Privatisation became the totem of the 1980s efforts to move our economies away from the disastrous, increasing socialism of the previous century and more.
I propose that the equivalent focus of policy that is needed today should be christened "disintegration".
Politicians persuaded that market disciplines were necessary but nevertheless seeking to drive outcomes in the way they (rather than the market) thought best, found large companies very useful. Politicians and civil servants could introduce supposedly "market measures" that placed obligations on or incentivized large companies to deliver the preferred outcomes. These cozy arrangements could be manipulated by the behemoths, who enjoyed preferential access and undue influence over policy, to create barriers to entry and privileged commercial positions. We found ourselves in many sectors of the economy with bloated businesses "too big to fail".
One of the few valid activities of government in the economic field is to ensure competitive markets so that products are delivered to customers as efficiently as possible. Size and economies of scale may deliver cost reductions, but if that is not accompanies by strong competition, that is more likely to result in increased profits for the privileged few than it is to produce lowest costs for consumers (the real objective of a free-market economy). It is competition, not economies of scale, that reduces prices. The combination of both may produce the best result, but in many cases, big means flabby, not efficient. If scale genuinely deliveres efficiencies, a competitive market will tend in that direction.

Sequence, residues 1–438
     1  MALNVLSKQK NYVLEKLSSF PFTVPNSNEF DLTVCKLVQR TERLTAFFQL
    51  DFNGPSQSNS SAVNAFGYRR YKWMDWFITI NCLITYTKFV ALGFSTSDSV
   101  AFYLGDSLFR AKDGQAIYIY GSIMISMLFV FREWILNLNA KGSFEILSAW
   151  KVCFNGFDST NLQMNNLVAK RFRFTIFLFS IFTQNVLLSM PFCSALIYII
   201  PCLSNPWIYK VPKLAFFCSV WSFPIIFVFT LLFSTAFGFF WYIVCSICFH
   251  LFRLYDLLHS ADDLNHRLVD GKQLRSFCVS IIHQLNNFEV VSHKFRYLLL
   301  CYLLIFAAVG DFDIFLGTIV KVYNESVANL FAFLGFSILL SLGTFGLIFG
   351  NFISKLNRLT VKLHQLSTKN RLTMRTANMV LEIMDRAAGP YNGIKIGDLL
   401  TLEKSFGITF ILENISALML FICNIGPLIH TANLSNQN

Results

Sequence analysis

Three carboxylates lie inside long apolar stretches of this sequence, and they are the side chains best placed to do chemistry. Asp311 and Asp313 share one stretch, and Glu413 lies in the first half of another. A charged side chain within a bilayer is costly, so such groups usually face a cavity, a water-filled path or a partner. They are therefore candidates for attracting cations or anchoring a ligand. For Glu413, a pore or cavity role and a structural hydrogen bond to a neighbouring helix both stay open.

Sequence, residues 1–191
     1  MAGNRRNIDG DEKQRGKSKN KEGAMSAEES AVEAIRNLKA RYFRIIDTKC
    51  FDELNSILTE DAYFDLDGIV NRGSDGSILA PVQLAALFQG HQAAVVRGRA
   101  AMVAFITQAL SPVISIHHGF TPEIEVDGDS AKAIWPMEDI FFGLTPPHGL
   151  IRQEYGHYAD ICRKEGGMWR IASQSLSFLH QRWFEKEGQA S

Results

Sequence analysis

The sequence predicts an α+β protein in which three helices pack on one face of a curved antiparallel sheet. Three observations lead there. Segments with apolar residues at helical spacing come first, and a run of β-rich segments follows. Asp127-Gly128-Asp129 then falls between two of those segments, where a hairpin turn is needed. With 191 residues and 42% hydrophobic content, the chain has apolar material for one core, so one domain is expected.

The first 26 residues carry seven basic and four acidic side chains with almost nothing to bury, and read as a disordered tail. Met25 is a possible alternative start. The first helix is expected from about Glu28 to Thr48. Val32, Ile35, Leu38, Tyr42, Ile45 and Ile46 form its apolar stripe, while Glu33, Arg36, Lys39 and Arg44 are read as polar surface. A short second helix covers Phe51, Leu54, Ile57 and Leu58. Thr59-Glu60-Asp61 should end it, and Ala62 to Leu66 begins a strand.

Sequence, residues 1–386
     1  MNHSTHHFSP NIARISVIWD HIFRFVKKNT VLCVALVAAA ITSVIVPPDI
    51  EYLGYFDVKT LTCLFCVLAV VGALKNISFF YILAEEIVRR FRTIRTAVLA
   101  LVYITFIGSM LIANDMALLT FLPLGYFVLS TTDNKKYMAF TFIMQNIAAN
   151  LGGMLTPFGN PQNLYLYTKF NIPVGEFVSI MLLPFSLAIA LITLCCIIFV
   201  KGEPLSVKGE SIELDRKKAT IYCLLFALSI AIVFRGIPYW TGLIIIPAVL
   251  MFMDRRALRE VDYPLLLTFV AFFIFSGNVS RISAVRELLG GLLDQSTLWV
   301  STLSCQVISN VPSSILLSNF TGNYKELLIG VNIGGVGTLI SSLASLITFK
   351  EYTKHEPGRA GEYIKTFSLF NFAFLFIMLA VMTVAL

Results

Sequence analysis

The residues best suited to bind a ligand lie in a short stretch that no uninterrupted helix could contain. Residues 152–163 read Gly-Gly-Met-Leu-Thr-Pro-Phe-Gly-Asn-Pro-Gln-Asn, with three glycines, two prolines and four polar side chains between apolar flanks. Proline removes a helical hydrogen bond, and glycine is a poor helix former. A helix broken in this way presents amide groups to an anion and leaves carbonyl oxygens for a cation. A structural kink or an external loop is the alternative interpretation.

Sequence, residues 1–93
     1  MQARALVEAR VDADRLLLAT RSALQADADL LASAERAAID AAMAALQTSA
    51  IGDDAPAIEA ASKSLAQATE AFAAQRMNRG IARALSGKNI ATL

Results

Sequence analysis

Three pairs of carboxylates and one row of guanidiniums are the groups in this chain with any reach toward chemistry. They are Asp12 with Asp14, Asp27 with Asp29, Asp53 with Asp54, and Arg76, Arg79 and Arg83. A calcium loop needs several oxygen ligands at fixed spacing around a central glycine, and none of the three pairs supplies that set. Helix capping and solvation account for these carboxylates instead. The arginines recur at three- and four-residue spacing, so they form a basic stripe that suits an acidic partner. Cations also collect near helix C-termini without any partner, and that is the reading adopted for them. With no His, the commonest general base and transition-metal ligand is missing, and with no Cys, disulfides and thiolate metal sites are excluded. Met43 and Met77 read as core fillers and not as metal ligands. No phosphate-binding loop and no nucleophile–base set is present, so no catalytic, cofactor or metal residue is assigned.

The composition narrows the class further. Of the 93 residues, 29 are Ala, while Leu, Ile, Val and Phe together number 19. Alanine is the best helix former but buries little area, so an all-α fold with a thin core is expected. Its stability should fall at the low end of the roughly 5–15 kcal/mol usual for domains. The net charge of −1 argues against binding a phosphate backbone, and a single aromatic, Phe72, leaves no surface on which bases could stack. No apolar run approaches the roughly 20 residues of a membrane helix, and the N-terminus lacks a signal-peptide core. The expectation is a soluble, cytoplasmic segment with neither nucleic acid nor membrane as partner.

So we must embark on a programme of "disintegration" of our vertically- and horizontally-integrated companies. Retail banks must be separated from commercial and investment banks. And large nationalized banks should be broken into smaller, competitive pieces (small enough to fail) before being returned to the private sector.
We must disintegrate the bloated Vertically-Integrated Large Energy companies (VILE companies for short) whose combination of supply, distribution and generation prevents liquid markets from emerging, and provides anti-competitive advantage from the guaranteed profits from the regulated distribution businesses.
We must disintegrate the dominant supplier of computer operating systems from the supply of software and hardware (i.e. no tie-ins with manufacturers, where they are forced to charge for a copy of Windows with every machine that they sell, if they want a decent price for the OS, regardless of whether the machine will actually be loaded with Windows).
And there will be many more. I expect to return to this subject frequently. But for now, remember that word: disintegration. It may take the next decade to gain traction in the political world, but it will eventually come to be seen as essential as privatisation to a functioning market economy. This is the battleground of the future.